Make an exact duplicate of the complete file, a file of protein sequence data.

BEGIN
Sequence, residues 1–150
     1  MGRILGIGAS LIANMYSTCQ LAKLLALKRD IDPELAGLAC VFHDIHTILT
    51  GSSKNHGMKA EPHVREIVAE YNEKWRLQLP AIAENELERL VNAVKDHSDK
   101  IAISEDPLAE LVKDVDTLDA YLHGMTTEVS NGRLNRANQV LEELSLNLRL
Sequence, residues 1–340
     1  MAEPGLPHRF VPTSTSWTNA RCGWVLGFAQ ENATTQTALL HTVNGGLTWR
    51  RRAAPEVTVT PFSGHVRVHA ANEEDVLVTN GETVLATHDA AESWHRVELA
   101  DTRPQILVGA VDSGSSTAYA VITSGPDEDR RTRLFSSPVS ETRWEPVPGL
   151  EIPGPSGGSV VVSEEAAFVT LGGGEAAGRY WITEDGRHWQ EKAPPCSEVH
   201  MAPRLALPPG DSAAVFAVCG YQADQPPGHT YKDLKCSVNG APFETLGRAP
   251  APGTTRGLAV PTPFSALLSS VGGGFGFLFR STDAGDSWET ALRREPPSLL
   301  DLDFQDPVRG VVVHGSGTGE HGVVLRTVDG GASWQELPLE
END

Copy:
Sequence, residues 1–150
     1  MGRILGIGAS LIANMYSTCQ LAKLLALKRD IDPELAGLAC VFHDIHTILT
    51  GSSKNHGMKA EPHVREIVAE YNEKWRLQLP AIAENELERL VNAVKDHSDK
   101  IAISEDPLAE LVKDVDTLDA YLHGMTTEVS NGRLNRANQV LEELSLNLRL
Sequence, residues 1–340
     1  MAEPGLPHRF VPTSTSWTNA RCGWVLGFAQ ENATTQTALL HTVNGGLTWR
    51  RRAAPEVTVT PFSGHVRVHA ANEEDVLVTN GETVLATHDA AESWHRVELA
   101  DTRPQILVGA VDSGSSTAYA VITSGPDEDR RTRLFSSPVS ETRWEPVPGL
   151  EIPGPSGGSV VVSEEAAFVT LGGGEAAGRY WITEDGRHWQ EKAPPCSEVH
   201  MAPRLALPPG DSAAVFAVCG YQADQPPGHT YKDLKCSVNG APFETLGRAP
   251  APGTTRGLAV PTPFSALLSS VGGGFGFLFR STDAGDSWET ALRREPPSLL
   301  DLDFQDPVRG VVVHGSGTGE HGVVLRTVDG GASWQELPLE